A lot or a little?
The parents' guide to what's in this movie.
What parents need to know
Parents need to know that Extraordinary Tales is an animated adaptation of five classic Edgar Allan Poe stories, and it's aimed at mature teen and young adult audiences. The creepy themes and the dark subject matter, paired with intense moments like bloody murders and an overall obsession with death make it generally frightening and inappropriate for most children and tweens. The stories include dismemberment, blood, torture, starvation, and Poe's signature fascination with death and paranoia. One segment shows naked dead bodies tumbling into a mass grave and a brief shot of naked revelers cavorting, caressing, and kissing in baths at a masquerade ball -- not to mention drinking and smoking hookah pipes.
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What's the story?
EXTRAORDINARY TALES is an animated adaptation of five Edgar Allan Poe horror stories: "The Facts in the Case of M. Valdemar," "The Masque of the Red Death," "The Fall of the House of Usher," "The Pit and the Pendulum," and "The Tell-Tale Heart." The stories are woven together by a framing device set in a graveyard where a statue of a beautiful lady representing Death (voiced by acclaimed children's book author Cornelia Funke) speaks to a raven representing Poe (voiced by Stephen Hughes) about his obsession with her. Each of the short stories has its own narrator and animated style, with one featuring a classic Bela Lugosi voice over and another the late Christopher Lee in one of his final performances.
Is it any good?
Spanish director Raul Garcia's take on Edgar Allan Poe is visually stunning but occasionally too slow to capture more than fleeting attention from mainstream audiences. Although he uses animation to depict Poe's works, Garcia shies away from making the stories kid friendly, instead focusing on their creep factor -- so don't be misled into thinking the anthology is a good early introduction to Poe's horror classics. One of the more memorable segments is the utterly adult "The Masque of the Red Death" -- a tale of a masquerade ball during a plague -- which has one line of dialogue in it, coincidentally spoken by none other than Roger Corman, who once directed a live-action adaptation of the very same story.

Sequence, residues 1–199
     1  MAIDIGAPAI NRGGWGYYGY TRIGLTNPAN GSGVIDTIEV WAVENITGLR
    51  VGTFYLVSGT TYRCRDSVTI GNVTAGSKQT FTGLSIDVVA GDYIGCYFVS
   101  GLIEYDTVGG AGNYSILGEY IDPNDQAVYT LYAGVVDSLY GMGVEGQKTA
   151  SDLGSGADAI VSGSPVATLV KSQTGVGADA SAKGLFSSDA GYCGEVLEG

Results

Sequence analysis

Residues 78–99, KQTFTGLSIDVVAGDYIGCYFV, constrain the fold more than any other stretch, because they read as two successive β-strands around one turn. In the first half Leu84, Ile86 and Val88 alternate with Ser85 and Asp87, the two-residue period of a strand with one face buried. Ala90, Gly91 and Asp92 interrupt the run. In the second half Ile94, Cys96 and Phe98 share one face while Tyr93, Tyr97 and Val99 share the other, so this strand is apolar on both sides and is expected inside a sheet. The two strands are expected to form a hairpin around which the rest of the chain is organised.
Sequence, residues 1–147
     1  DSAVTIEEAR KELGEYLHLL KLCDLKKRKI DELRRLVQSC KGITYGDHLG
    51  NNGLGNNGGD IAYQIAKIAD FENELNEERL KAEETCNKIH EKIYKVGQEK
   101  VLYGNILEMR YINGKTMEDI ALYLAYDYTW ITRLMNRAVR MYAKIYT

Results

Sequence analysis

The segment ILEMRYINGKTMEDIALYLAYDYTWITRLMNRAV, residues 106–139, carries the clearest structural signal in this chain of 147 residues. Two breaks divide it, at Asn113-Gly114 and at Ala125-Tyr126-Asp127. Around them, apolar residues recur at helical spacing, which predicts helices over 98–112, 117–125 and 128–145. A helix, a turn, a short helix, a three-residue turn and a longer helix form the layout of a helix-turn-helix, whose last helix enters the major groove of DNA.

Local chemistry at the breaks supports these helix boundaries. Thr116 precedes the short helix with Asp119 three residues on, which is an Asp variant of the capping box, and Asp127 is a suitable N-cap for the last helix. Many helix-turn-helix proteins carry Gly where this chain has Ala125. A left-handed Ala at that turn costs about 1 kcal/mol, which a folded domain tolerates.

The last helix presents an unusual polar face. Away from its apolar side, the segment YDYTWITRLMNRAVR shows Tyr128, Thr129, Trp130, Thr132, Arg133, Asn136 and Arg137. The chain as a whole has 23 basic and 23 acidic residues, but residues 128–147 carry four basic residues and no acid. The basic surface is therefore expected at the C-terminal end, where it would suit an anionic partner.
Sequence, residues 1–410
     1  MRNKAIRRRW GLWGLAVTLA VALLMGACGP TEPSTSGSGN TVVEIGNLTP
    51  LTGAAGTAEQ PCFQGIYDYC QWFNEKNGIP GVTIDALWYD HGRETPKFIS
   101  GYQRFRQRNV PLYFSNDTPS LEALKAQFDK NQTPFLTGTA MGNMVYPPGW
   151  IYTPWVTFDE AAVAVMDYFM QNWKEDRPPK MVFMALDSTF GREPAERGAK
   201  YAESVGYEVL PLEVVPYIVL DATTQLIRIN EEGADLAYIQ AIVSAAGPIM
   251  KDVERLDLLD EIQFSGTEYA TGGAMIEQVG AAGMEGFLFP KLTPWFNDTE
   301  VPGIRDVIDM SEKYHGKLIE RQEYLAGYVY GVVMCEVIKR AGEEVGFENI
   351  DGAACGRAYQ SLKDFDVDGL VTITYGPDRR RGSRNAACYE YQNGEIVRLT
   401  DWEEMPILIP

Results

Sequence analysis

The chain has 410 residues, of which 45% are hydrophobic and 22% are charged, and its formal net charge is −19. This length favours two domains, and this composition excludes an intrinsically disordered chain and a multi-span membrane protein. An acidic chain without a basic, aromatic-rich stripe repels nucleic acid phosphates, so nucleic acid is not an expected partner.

The scariest segment is, fittingly, "The Tell-Tale Heart," with its modern black-and-white animation juxtaposed with Lugosi's voice. But the longer the anthology draws on, the more audiences will feel compelled to turn it off, because a little goes a long way, and the segments aren't all equally riveting. Non horror fans will be through with it rather quickly, but even those who favor Poe's stories might want to fast forward to the better shorts and skip the Guillermo Del Toro-narrated "The Pit and the Pendulum," about a prisoner waiting for a terrible fate. Overall, this is definitely the best fit for aficionados of art-house animation and teens already interested in Poe, horror, and independent film.
Talk to your kids about ...
Families can talk about the violence in Extraordinary Tales. How is it depicted? Is a creepy mood just as frightening as more explicit violence? Why or why not? What's the impact of media violence on kids?
Does the movie make you interested in reading Poe's works? Which ones are you most interested in?
What ages do you think these shorts are best suited for? Why do you think audiences assume animation means a movie is automatically OK for preschoolers and up?
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